Family-run businesses are often highly successful initially, but flounder after two or three generations. How can they improve their sustainability? In a video interview with the Harvard Business Review, Claudio Fernández-Aráoz senior adviser to Egon Zehnder, reports on the key findings of the firm’s recent survey of leading, longstanding family firms. The
Leadership succession is one of the most critical and daunting tasks a family business can face. Unfortunately, there are few resources that set forth in a concise way established best practices and then provide practical guidance on their implementation.
In a recent study, Egon Zehnder and Family Business Network International interviewed executives at 50 of the world’s top family firms - mostly in the third or fourth generation - to discover how they unlock great leadership.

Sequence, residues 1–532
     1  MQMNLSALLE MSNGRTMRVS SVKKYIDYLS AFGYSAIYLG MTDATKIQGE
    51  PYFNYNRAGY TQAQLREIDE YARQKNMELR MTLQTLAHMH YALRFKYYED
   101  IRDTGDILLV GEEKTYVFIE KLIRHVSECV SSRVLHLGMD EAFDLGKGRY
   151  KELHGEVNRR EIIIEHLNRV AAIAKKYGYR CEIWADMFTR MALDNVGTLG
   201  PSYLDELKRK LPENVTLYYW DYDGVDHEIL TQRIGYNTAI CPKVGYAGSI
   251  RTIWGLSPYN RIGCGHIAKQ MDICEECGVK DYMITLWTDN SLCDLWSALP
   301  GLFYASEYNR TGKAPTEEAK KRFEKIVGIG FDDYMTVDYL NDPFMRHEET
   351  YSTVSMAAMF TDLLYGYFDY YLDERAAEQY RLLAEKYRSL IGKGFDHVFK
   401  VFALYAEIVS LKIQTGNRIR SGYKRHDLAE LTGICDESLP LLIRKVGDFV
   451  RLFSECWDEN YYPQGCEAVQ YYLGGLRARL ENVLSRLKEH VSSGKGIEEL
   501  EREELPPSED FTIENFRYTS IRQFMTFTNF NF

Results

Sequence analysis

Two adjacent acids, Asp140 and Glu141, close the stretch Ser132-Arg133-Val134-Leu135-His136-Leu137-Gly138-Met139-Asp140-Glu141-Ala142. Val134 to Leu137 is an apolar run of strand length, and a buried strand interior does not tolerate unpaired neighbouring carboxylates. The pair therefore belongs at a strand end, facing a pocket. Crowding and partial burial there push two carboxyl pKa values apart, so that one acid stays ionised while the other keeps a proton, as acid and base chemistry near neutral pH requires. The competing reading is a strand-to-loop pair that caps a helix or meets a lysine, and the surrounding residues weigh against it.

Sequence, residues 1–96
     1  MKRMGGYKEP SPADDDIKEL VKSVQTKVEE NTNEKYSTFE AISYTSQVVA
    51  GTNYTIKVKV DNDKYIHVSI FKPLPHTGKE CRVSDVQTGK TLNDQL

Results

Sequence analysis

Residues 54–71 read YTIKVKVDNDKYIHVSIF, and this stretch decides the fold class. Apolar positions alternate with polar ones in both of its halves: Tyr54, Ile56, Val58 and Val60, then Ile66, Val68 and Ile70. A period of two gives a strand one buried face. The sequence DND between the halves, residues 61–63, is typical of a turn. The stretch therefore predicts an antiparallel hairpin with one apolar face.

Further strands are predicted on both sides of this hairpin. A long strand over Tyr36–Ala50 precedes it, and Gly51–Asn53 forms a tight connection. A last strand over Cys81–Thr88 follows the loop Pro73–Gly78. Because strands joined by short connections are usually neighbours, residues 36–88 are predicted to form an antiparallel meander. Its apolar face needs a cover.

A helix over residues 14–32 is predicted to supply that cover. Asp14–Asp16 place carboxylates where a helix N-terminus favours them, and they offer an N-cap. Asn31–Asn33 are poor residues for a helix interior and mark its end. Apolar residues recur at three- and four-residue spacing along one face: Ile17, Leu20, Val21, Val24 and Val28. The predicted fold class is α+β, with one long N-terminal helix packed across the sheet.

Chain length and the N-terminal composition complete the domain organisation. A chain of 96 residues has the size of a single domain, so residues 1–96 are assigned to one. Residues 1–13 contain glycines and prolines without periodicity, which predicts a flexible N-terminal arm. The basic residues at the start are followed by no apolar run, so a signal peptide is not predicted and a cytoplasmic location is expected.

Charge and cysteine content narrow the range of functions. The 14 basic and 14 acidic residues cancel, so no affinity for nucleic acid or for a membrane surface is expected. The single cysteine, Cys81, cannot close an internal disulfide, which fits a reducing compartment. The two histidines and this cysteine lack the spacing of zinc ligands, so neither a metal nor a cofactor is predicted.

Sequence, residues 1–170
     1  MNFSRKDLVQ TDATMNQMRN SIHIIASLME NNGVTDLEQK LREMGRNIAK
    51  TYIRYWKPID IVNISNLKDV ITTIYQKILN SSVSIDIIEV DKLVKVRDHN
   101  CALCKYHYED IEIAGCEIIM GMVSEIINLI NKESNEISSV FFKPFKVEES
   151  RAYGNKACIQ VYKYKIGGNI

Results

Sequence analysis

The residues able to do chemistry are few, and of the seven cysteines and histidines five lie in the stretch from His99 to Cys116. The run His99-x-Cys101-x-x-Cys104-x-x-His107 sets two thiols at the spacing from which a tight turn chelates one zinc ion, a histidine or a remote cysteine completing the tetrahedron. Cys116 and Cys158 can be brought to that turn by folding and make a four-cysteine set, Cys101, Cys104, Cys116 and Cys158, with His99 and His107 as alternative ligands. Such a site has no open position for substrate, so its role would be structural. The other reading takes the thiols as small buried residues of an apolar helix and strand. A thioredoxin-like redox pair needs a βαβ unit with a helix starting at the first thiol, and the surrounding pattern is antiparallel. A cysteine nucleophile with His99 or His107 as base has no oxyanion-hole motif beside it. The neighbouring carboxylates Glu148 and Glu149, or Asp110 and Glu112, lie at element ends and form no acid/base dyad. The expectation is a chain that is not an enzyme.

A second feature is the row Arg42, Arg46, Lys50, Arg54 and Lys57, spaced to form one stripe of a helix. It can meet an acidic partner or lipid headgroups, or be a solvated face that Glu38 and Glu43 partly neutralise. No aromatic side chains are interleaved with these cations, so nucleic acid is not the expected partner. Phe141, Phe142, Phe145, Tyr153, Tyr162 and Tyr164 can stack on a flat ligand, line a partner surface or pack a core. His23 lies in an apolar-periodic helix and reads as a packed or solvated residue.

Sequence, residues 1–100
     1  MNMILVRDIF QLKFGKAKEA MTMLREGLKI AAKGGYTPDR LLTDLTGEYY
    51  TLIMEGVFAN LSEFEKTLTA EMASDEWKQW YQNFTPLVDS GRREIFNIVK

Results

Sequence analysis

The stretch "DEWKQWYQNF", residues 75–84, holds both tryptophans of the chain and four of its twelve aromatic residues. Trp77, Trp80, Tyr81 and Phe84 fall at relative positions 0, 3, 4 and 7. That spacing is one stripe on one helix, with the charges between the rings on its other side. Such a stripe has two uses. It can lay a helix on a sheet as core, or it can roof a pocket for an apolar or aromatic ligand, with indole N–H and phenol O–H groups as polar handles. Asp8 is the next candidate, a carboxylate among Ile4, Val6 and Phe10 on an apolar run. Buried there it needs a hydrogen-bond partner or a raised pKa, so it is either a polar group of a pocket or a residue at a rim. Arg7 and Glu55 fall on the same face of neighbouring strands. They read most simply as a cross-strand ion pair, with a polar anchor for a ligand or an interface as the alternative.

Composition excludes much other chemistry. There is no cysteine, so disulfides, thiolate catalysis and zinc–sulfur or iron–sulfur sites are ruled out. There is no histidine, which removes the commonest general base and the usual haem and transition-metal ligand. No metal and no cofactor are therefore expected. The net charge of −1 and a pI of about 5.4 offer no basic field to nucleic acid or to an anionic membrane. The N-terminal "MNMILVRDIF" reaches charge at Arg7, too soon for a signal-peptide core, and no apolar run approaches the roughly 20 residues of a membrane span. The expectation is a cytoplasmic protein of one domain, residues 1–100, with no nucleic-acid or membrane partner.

An Advisory Board is a body that advises the management of an organization, foundation or corporation. Unlike a Board of Directors, an Advisory Board has no authority to vote on matters, nor does it have any legal or fiduciary responsibility.
Family businesses are frequently overshadowed by major corporations, yet they make up the majority of businesses in virtually every country in the world. They are, in other words, the backbone of the economy.
Away from the meta-national decision centers, family businesses in emerging and fringe economies need to continuously adapt their business models to the growing presence of globalization. Sometimes, this can mean they have less time or lack the necessary focus to optimize vital internal processes, such as top-level succession planning.